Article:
Tastekin went on to explain how Jabhat al-Nusra is embedded among many of the Salafi groups operating in these regions: “As for claims that Jabhat al-Nusra is not present at Azaz, we have to realize that since Jabhat al-Nusra was added to the UN terror list, it has not been flying its flag in areas close to the Turkish border. In addition to its concentration in rural Idlib, Jabhat al-Nusra also has a presence north of Aleppo, in the Turkmen regions of Latakia and Azaz. Jabhat al-Nusra has significant mobilization capacity in these areas. Everyone following the developments in the region knows that the group is active not only on the Syrian side of the border but also in Turkey’s Kilis and Hatay. According to a relief worker at Yayladag, ‘Nusra people are considered local residents. They can cross the border anytime.’ Jabhat al-Nusra generally operates with Ahrar al-Sham in these areas.”
Aleppo: Syrian armed groups in “all-out defense”
Mohammed al-Khatieb reported from Aleppo that the battles for control of Aleppo “are unlike any others. They are the fiercest and bloodiest yet, for regime forces are attacking rebels at the heart of their areas of control, spurring them into all-out defense.”
“Russian fighter jets never leave Aleppo's airspace, Khatieb wrote. “The importance of this advance lies in the fact that rebel forces have lost a strategic passage linking the northern Aleppo countryside with the rest of their zones of control. As a result, FSA fighters in the northern countryside are now isolated and surrounded by IS in the east, the regime forces and their allies in the south, and the Syrian Democratic Forces in the west.”
Mustafa al-Haj reported from Syria that “the Syrian regime and its allies have taken control over the entire area between the cities of Moadamiyet al-Sham and Daraya in Rif Dimashq governorate, following an extensive military campaign and heavy aerial bombardment that began in December 2015. The campaign aims to isolate the city of Daraya, which has already been besieged for three years, cutting off the only humanitarian supply line and weakening the opposition and civilians in preparation to storm the city. … It is noteworthy that in 2010, Daraya was home to 250,000 citizens, and today that number has dropped to 12,000, including both civilians and military forces. As the road to Moadamiyet al-Sham has been cut off, these people will face worsening conditions as the regime continues the heavy bombardment that prompted people to seek refuge underground.”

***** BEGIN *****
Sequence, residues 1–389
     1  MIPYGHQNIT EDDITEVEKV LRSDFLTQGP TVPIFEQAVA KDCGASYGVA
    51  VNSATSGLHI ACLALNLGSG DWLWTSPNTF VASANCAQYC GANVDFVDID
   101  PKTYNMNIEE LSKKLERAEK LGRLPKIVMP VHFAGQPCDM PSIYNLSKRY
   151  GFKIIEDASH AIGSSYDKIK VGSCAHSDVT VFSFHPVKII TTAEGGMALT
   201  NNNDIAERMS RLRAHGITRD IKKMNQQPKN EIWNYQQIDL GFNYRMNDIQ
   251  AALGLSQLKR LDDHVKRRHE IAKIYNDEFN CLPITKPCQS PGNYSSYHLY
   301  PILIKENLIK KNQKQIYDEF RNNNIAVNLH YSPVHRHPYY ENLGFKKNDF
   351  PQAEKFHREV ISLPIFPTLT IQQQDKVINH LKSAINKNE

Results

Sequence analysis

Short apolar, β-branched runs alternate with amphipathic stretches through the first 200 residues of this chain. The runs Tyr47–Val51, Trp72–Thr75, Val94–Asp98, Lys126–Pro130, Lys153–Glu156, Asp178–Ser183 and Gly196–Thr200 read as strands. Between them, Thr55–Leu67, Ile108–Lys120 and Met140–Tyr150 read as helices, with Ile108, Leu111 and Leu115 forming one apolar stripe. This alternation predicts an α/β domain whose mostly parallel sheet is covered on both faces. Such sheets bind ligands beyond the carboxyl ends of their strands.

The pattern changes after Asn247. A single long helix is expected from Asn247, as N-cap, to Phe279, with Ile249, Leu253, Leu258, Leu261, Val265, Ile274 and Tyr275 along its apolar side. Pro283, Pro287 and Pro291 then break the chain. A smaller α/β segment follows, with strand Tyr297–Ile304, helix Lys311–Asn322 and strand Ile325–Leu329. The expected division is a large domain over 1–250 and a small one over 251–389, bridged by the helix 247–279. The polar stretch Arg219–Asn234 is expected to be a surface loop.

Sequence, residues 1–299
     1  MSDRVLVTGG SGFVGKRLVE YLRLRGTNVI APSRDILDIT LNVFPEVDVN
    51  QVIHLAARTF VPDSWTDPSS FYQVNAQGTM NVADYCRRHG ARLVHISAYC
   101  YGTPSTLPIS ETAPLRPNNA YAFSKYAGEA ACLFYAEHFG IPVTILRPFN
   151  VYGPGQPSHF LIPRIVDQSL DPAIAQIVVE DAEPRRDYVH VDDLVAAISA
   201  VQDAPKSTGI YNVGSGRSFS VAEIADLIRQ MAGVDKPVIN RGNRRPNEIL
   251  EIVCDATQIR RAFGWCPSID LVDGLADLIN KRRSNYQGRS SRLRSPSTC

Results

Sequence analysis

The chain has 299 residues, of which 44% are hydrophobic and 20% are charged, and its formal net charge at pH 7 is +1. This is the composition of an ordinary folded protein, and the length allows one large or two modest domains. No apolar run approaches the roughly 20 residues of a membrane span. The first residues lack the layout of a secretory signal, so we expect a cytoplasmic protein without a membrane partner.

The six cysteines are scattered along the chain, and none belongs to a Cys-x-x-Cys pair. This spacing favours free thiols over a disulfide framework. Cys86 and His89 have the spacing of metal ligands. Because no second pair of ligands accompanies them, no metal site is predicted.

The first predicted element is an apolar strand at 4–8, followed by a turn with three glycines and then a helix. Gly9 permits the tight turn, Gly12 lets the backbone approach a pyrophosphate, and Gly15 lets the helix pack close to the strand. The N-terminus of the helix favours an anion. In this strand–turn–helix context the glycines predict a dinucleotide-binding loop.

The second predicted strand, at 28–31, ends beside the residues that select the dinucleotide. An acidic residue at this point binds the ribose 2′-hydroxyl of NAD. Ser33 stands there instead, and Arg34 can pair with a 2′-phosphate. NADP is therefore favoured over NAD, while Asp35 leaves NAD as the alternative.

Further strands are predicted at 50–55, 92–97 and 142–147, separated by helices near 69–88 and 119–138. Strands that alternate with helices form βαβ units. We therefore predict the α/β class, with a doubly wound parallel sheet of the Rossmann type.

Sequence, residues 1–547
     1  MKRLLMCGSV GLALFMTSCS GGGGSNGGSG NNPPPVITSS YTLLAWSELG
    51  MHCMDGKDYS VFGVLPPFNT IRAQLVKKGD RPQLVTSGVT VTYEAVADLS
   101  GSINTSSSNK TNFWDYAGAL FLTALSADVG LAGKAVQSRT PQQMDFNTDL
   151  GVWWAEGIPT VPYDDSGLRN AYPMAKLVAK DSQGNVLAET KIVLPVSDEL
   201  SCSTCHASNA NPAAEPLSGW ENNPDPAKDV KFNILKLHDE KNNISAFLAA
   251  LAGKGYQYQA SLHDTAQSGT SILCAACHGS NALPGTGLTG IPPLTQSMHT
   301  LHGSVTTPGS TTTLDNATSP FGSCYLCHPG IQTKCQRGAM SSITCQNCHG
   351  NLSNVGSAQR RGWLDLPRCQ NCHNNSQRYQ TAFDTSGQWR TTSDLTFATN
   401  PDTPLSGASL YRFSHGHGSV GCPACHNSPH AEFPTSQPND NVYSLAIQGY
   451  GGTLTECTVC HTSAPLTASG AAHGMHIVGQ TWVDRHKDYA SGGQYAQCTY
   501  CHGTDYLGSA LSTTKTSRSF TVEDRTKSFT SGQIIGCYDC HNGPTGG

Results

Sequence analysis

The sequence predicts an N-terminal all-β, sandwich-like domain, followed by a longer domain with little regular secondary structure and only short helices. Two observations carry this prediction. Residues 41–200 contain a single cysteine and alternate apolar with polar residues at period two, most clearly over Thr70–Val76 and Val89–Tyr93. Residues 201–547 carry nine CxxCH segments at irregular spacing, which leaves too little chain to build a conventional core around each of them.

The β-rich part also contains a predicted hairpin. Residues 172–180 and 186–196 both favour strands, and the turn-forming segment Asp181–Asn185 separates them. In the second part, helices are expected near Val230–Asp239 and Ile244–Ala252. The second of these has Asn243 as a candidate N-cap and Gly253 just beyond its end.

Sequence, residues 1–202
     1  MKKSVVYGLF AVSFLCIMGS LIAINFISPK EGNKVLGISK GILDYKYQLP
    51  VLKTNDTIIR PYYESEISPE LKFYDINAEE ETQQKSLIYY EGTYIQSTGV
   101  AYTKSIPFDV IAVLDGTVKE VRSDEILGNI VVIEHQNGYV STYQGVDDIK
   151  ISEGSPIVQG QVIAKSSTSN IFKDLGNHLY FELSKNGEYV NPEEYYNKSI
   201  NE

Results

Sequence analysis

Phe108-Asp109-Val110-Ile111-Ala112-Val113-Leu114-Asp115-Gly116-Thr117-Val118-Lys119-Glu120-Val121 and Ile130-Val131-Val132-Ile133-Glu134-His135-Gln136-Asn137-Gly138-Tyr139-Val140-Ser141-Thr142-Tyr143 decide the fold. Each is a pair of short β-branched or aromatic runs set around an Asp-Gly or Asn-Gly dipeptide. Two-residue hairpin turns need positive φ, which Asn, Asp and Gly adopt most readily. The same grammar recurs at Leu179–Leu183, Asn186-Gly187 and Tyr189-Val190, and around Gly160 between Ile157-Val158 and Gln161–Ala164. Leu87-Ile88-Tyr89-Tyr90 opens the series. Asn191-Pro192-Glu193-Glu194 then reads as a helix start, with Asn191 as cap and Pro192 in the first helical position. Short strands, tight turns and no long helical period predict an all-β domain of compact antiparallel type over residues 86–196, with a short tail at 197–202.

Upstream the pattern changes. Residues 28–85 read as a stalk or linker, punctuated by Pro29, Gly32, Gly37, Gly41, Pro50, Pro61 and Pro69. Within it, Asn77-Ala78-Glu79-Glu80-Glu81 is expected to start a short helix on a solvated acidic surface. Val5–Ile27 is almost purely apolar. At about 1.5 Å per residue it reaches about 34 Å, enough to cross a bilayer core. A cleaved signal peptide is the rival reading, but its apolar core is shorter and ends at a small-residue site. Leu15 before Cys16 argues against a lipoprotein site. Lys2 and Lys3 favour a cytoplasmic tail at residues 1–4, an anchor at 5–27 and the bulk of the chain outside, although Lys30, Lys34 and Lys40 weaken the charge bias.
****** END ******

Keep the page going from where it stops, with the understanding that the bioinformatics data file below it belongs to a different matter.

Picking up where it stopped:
Saudi Northern Thunder
Bruce Riedel suggested that a high-profile military exercise may be a distraction for Saudi Arabia’s many domestic and regional challenges.
“Iran is no longer under damaging UN sanctions and is poised to pump more oil into an already glutted world market. IS [Islamic State] and al-Qaeda are operating inside the kingdom and have bases to the north and south of it. The Yemeni war has no end in sight. Rumors about infighting in the royal family are persistent. Northern Thunder [large-scale military training maneuvers] is helping project strength and international support, but the king really needs a face-saving answer to his Yemen conundrums,” wrote Riedel.